To an untrained AI, the world is a blur of confusing data streams. Most humans have no problem making sense of the sights and sounds around them, but algorithms tend only to acquire this skill if those sights and sounds are explicitly labelled for them.and more »
Lions roar: video clips beat labels for AIs seeking knowledgeOE KLAMAR/AFP/Gettyvide
To an untrained AI, the world is a blur of confusing data streams. Most humans have no problem making sense of the sights and sounds around them, but algorithms tend only to acquire this skill if those sights and sounds are explicitly labelled for them.
Now DeepMind has developed an AI that teaches itself to recognise a range of visual and audio concepts just by watching tiny snippets of video. This AI can grasp the concept of lawn mowing or tickling, for example, but it hasn’t been taught the words to describe what it’s hearing or seeing.
“We want to build machines that continuously learn about their environment in an autonomous manner,” says Pulkit Agrawal at the University of California, Berkeley. Agrawal, who wasn’t involved with the work, says this project takes us closer to the goal of creating AI that can teach itself by watching and listening to the world around it.
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Most computer vision algorithms need to be fed lots of labelled images so it can tell different objects apart. Show an algorithm thousands of cat photos labelled “cat” and soon enough it’ll learn to recognise cats even in images it hasn’t seen before.
But this way of teaching algorithms – called supervised learning – is cheating, says Relja Arandjelović who led the project at DeepMind. Instead of relying on human-labelled datasets, his algorithm learns to recognise images and sounds by matching up what it sees with what it hears.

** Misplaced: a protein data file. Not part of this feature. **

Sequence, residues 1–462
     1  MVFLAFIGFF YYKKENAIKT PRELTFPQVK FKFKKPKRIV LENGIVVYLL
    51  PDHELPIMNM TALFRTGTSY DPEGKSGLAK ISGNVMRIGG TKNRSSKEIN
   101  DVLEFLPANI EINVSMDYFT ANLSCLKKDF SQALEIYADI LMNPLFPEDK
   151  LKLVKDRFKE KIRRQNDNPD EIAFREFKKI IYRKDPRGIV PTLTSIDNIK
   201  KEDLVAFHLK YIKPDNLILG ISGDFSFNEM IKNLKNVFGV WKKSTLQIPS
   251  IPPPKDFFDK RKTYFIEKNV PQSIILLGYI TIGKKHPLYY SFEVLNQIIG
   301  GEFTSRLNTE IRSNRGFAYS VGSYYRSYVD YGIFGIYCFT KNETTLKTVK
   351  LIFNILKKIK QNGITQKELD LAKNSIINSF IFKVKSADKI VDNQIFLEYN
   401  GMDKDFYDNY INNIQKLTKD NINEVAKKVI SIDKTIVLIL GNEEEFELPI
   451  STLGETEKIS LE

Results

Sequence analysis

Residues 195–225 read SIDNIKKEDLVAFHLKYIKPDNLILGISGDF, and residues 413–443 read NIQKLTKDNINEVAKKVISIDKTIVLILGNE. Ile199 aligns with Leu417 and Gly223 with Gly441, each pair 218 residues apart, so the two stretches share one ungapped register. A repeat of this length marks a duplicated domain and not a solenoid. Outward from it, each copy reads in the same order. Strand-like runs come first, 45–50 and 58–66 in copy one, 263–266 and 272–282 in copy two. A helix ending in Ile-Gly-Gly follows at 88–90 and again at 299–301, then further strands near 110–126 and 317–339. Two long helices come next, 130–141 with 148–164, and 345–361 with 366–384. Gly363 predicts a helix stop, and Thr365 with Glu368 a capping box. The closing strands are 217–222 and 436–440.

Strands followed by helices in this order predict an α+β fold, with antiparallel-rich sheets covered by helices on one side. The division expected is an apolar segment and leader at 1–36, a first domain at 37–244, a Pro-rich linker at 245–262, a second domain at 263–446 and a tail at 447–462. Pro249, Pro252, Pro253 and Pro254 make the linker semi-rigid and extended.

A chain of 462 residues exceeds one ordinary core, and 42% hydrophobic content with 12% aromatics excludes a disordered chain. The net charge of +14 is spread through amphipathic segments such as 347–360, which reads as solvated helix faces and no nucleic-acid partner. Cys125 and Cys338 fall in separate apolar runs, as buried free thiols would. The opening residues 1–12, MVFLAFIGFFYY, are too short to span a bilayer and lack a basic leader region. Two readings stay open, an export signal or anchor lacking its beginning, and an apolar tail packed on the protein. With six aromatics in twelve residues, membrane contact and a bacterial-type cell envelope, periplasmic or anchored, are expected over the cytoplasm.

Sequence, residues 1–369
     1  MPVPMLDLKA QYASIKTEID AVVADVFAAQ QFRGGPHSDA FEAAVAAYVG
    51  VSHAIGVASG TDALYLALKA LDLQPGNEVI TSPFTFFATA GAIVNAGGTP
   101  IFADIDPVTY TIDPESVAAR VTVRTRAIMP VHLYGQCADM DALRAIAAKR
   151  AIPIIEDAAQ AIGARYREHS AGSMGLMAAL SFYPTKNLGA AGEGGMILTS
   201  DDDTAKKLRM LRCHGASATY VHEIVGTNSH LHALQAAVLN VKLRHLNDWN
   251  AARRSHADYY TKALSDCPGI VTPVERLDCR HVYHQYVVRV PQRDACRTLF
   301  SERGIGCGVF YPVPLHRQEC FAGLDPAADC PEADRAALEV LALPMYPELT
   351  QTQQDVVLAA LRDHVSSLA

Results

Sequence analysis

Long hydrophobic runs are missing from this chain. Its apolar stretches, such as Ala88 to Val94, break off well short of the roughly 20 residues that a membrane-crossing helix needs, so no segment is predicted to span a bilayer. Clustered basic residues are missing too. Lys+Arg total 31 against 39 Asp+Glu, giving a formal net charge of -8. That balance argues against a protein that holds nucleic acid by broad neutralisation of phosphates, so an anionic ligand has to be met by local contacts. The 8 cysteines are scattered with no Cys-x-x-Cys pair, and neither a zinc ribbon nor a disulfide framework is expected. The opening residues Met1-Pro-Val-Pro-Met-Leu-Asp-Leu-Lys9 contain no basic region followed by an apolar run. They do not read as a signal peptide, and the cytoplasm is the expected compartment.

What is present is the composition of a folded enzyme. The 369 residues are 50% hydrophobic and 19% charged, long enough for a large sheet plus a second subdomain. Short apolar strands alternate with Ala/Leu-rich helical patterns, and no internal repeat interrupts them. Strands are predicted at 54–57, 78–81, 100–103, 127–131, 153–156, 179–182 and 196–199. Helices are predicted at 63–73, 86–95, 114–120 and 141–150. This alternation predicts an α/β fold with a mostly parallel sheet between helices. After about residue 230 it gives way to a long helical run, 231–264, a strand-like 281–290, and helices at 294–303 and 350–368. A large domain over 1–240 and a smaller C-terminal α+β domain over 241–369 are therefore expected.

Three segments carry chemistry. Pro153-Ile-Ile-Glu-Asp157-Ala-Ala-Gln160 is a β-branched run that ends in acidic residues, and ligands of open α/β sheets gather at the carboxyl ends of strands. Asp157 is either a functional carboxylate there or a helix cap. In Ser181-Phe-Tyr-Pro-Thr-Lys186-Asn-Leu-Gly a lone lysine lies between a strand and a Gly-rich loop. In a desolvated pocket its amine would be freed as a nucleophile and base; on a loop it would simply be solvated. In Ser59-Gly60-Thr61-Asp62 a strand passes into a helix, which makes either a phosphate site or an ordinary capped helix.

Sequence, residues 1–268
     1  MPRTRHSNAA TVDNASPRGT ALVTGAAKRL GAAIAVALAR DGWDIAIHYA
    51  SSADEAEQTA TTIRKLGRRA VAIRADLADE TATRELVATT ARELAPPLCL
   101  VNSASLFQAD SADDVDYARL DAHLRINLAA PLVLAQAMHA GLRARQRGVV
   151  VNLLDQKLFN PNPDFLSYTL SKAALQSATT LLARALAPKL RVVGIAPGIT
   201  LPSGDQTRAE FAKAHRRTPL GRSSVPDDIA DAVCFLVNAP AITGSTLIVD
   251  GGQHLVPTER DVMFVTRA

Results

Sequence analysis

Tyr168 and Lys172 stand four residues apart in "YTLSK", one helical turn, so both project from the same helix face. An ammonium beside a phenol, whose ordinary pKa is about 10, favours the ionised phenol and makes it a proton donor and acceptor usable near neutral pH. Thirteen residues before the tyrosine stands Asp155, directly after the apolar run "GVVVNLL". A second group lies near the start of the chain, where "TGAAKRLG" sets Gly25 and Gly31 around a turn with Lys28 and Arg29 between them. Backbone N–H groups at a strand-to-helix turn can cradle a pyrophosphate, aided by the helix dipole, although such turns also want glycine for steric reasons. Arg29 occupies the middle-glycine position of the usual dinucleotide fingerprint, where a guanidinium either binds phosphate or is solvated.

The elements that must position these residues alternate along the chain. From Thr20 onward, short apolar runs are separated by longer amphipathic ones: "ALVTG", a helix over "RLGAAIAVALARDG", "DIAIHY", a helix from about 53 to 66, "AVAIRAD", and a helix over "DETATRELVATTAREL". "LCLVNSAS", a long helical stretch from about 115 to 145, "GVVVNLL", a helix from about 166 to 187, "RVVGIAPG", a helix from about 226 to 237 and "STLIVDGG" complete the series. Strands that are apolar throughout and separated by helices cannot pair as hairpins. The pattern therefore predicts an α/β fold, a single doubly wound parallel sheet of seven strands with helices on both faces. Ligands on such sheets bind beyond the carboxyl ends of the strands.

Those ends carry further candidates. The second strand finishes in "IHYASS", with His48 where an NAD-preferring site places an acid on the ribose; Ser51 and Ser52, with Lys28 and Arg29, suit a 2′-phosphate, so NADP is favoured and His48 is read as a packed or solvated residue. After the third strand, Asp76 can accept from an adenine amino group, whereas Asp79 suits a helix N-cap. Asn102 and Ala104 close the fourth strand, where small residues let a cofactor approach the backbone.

Learn like a human
Humans are particularly good at this kind of learning , says Paolo Favaro at the University of Bern in Switzerland. “We don’t have somebody following us around and telling us what everything is,” he says.
Arandjelović created his algorithm by starting with two networks – one that specialised in recognising images and another that did a similar job with audio. He showed the image recognition network stills taken from short videos while the audio recognition network was trained on 1-second audio clips taken from the same point in each video.
A third network compared still images with audio clips to learn which sounds corresponded with which sights in the videos. In all, the system was trained on 60 million still-audio pairs taken from 400,000 videos.
The algorithm learned to recognise audio and visual concepts, including crowds, tap dancing and water, without ever seeing a specific label for a single concept. When shown a photo of someone clapping, for example, most of the time it knew which sound was associated with that image.
Sight and sound
This kind of co-learning approach could be extended to include senses other than sight and hearing, says Agarwal. “Learning visual and touch features simultaneously can, for example, enable the agent to search for objects in the dark and learn about material properties such as friction,” he says.
DeepMind will present the study at the International Conference on Computer Vision which takes place in Venice, Italy, in late October.
While the AI in the DeepMind project doesn’t interact with the real world, Agarwal says that perfecting self-supervised learning will eventually let us create AI that can operate in the real world and learn from what it sees and hears.
But until we reach that point, self-supervised learning might be a good way of training image and audio recognition algorithms without input from vast amounts of human-labelled data. The DeepMind algorithm can correctly categorise an audio clip nearly 80 per cent of the time, making it better at audio-recognition than many algorithms trained on labelled data.
Such promising results suggest that similar algorithms might be able to learn something by crunching through huge unlabelled datasets like YouTube’s millions of online videos. “Most of the data in the world is unlabelled and therefore it makes sense to develop systems that can learn from unlabelled data,” Agrawal says.
Journal reference: arxiv.org
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